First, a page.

COronation Chicken is getting a bad name: a name “synonymous with the mass-produced, sickly gloop that is racked up for lackluster buffets,” as food historian Polly Russell puts it. “A dog of a saucer,” said Tom Parker Bowles. Although it no longer has the same touch of exotic glamor as it did in 1953, poulet reine Elizabeth is still a beautiful centerpiece for any party, whatever you’re celebrating.
Preparation 30 minutes
Cook 90 minutes
1 chicken (about 1½kg)
1 cinnamon stick
5 black peppercorns
1 pinch of saffron
1 tsp salt
1 bay leaf
4 cm piece of fresh ginger
2 tablespoons curry powder
50 g slivered almonds
50 g ready-to-eat dried apricots
5 tbsp good quality mango chutney (I swear by Geeta’s)
2 tsp Worcestershire sauce
200 ml full Greek yogurt
1 small bunch of fresh coriander
For the mayonnaise (or use 200ml ready-made)
1 egg yolk
1 generous pinch of salt
1 tsp Dijon mustard
1 tbsp white wine or cider vinegaror lemon juice
200 ml light olive, grapeseed, sunflower or other neutral oil
1 Take your time
First things first, this isn’t one of those “quick” recipes that you can make in the time it takes your partner to butter the sandwiches. To do the coronation chicken justice, you have to make it from scratch, and that starts with poaching a chicken. Yes, you could substitute pre-cooked meat, but I wouldn’t.
2 Prepare the chicken
Place the bird, breast side up, in a large saucepan with the cinnamon, peppercorns, saffron, salt, bay leaf and half of the ginger, sliced. Fill the pan with cold water until only the top of the breast is visible. (If you don’t have a large enough pan, break the chicken into pieces, or use two breasts, two whole legs, or two thighs and two drumsticks and two wings.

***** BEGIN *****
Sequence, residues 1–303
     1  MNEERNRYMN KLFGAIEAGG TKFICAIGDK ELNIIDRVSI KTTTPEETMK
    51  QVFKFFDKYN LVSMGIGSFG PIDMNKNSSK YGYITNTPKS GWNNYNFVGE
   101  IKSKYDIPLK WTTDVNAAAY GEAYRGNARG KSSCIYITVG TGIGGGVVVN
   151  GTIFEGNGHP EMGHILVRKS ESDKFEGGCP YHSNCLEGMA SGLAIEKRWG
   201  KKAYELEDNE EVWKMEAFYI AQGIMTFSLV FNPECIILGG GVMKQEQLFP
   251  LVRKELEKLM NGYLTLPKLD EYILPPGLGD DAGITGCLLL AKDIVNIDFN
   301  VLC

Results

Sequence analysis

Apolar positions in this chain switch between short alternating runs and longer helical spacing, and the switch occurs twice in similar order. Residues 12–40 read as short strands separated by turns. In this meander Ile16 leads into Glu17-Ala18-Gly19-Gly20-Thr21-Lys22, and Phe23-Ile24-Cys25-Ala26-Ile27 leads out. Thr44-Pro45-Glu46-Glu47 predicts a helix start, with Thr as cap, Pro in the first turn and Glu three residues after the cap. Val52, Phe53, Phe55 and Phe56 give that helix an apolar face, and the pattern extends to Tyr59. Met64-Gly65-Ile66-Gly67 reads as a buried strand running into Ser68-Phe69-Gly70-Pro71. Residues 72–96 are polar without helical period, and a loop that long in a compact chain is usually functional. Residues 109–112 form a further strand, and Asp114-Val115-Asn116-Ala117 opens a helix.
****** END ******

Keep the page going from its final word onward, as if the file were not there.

3 Poach the chicken
Cover the pan, bring the contents to a boil and turn the heat to low so that only an occasional bubble of air rises to the surface. Poach gently for about an hour and a half, until the juices run clear from the thickest part of the thigh, or a cooking thermometer taped in the same place reads a minimum of 74C.
4 Let cool
Let the chicken cool a bit in the poaching liquid, if you have time – at this point the meat won’t look as appetizing as a roast bird, but it will be much juicier. When it’s easy to handle, remove the meat from the bones and cut it into bite-sized pieces; discard the skin. (The cooking liquid can now be strained and used as stock; it freezes well.)
5 Start the mayonnaise
Place the egg yolk and salt in a medium bowl (set on a damp cloth to secure). Beat for about 20 seconds, until slightly thickened (you can use electric beaters for this, but it is difficult to make this small amount in a food processor), then add the mustard and vinegar or lemon juice and beat for a further 30 seconds.
6 Finish the mayonnaise
Gradually whisk in the oil, adding it in a very thin stream to start with, whisking all the time until the mayonnaise begins to thicken. Now add the oil more quickly and beat until the mixture is thick and shiny. If it splits, don’t panic: Break a second egg yolk into a second bowl, beat briefly to thicken, then gradually whisk in the split mayonnaise and continue from there.
7 Make the dressing
Toast the curry powder in a dry frying pan until fragrant and place in a bowl. While the pan is still hot, toast the almonds for the topping and set aside for later. Peel and chop the rest of the ginger and finely chop the apricots (you can substitute other dried fruit here, too, if you like – sultanas, although not in the original, still feel retro).
8 Fold everything together
Place the ginger and apricots in a large bowl with the chutney and curry powder. Stir in Worcestershire sauce and fold in mayonnaise and yogurt until evenly blended and no streaks are left. Season to taste, stir in the chicken and let it blend for at least an hour – if you’re making it ahead of time, refrigerate.
9 Finishing touch
Before serving, roughly chop the coriander and stir most of it into the mix, keeping the rest aside for garnish. Transfer the coronation chicken to a serving platter and sprinkle with the almonds and remaining coriander. I like to combine it with warm basmati rice and a fresh green salad, but bread or new potatoes also work well.